“Beyond requiring testing, the regulations provide no binding obligations on mining companies to protect mineworkers from Covid-19 whatsoever.

Read: World’s deepest mines to take weeks to reopen after SA Covid-19

“We, therefore, reiterate the need for a national standard which binds all mining companies … It is essential for the regulations to provide clarity on what is expected by mining companies to ensure a safe and healthy work environment for workers,” the union said.

Amcu challenged the department to get the chief inspector of mines to “issue appropriate guidelines for Covid-19 and direct all employers to prepare and implement codes of practice in line with the guidelines”.

“Workers may not be compelled to return to work until binding regulations are in place for the management of Covid-19. Failure to do so will compel us to approach the relevant court for urgent relief,” Amcu said in the letter.

Mystery around Implats’ return to work

Mantashe appeared unhappy when asked why Impala Platinum (Implats) had recalled its workers earlier this week.

The company was singled out in many media reports, although other mining companies are also believed to have recalled workers, claiming to have been exempted from the lockdown regulations by the department of minerals and energy.

Some mineworkers reporting for duty at Implats were sent back by the police, resulting in the company suspending its plan to resume operations.

Implats spokesperson Johan Theron said a subsequent apology issued to the workers was “not specifically [for having called] them back, but for the disruption and confusion [they experienced] in being stopped by the police and prevented from returning to work”.

Mantashe appeared unhappy when asked why Impala Platinum (Implats) had recalled its workers earlier this week

Mantashe said there had been a “lot of confusion about the letter sent by Impala to its employees to come to work”, adding that “it caused [further] confusion in the industry for employers, workers and government”.

He said he regarded the incident as “more of an irritation than an issue that should be used to measure the reaction of the industry on this matter”.

Asked why Implats appeared to be exempted from the regulations placed on other mining houses, spokesperson Ayanda Shezi said: “Impala was permitted to operate only up to 50% capacity. That was the permission granted by the department.”

This was a contradiction as the 50% operations capacity was only announced on Thursday. It is understood that some mining companies have been applying since late last month to be exempted from the national lockdown.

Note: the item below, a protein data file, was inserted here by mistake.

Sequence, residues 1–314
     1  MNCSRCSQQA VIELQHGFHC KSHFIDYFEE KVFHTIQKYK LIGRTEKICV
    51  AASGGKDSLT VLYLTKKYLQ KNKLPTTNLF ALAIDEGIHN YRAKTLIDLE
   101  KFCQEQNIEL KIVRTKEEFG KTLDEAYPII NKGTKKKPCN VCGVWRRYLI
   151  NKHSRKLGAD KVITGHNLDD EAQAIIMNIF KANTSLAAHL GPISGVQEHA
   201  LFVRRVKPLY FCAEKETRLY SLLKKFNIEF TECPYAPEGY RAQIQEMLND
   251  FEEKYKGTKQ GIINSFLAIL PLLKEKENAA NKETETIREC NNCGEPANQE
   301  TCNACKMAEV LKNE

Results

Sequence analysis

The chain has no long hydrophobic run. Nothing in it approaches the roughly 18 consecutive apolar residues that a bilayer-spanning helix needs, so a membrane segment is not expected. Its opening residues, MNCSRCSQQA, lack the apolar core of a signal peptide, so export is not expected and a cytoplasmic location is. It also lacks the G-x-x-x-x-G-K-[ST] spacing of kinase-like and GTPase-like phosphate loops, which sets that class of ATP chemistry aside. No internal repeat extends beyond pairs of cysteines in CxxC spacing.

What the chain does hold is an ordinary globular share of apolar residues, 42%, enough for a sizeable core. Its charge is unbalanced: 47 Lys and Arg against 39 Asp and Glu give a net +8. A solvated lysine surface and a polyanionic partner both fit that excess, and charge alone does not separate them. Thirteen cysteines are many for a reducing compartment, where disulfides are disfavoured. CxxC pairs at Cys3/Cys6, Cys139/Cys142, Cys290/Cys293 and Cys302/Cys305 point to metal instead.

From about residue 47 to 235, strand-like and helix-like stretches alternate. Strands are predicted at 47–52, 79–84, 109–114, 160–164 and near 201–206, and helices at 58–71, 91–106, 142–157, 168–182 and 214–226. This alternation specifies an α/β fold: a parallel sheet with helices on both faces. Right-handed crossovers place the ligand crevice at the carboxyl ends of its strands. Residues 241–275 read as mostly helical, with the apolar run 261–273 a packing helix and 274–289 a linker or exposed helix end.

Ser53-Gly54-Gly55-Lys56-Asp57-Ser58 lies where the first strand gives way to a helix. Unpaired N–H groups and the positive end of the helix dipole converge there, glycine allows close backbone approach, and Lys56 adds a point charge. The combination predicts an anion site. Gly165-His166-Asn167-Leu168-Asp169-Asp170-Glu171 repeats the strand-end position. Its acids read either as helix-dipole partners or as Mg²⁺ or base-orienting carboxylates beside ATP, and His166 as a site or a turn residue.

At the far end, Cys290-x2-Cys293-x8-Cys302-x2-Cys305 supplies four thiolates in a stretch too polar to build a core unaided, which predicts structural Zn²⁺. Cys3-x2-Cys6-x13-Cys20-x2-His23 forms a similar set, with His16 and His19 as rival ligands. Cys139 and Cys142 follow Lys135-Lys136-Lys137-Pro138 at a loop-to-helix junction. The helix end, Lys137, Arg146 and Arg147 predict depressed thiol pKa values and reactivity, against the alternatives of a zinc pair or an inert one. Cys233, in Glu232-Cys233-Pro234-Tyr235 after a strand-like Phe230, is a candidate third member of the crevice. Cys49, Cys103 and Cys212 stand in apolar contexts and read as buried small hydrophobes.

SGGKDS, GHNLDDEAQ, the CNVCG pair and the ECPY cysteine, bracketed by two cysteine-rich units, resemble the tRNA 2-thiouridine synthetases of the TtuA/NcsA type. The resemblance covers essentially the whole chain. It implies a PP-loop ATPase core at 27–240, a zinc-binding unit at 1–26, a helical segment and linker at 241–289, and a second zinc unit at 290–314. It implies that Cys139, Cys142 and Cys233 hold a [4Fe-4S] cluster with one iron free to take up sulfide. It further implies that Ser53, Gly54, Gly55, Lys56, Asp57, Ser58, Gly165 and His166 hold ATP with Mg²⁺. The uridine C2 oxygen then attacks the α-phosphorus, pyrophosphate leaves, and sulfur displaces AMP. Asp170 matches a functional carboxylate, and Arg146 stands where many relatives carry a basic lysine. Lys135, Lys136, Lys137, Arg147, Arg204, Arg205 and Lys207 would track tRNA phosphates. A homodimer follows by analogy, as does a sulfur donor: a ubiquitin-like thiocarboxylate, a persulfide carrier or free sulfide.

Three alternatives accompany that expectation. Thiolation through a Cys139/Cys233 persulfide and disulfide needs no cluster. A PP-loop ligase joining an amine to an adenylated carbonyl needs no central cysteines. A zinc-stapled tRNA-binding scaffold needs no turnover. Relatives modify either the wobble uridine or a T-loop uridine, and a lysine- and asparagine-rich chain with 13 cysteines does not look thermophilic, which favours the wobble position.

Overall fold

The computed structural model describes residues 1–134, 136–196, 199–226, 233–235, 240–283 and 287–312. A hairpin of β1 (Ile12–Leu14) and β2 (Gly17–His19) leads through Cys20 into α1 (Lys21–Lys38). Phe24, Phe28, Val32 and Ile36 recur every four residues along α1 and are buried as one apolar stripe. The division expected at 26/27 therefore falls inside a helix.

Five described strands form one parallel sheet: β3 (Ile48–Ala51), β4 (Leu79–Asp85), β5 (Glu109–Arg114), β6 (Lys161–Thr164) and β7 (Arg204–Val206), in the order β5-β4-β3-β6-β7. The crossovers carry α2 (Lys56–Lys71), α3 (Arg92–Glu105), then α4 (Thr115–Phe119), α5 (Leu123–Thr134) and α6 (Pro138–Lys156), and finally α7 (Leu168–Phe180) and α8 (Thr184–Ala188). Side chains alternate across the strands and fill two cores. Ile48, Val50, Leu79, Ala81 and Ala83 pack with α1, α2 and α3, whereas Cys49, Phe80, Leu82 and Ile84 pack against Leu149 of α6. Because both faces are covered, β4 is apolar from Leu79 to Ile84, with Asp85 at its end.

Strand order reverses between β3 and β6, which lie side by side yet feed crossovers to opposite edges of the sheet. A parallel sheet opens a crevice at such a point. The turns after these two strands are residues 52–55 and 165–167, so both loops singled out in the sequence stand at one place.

The regulations stipulated that mining operations are to be scaled down significantly, with only essential services supporting the sector – including security and related infrastructure, maintenance, water pumping and ventilation – permitted to operate.

Theron maintained that the company had first applied for permission to perform activities specifically aimed at care and maintenance of all critical infrastructure.

Implats explains

“Following on from this, we applied to expand these activities to also include limited operational activities at a reduced rate, subject to specific precautionary measures, specifically aimed to secure the operation and ensure a safe and orderly return to work when the lockdown restrictions are lifted,” Theron said.

“Implats first applied for essential service permission on March 27 and subsequently applied to have those services expanded on April 6.

“Before the call for some workers to return, we had 7% of our normal workforce at work. That peaked at below 20% this week.”

On how the company was planning to handle the workers’ and curbing the spread of Covid-19, Theron said beyond screening and testing, other precautionary measures were in place.

“These include improved hygiene, restrictions on the amount of work performed, social distancing at work [as well as while travelling to and from work], the provision of personal protective equipment, and screening and testing procedures.

“To this end, we’ve installed additional wash basins, appropriately spaced to ensure social distancing, and markers in key traffic areas to ensure a safe distance is kept between employees.”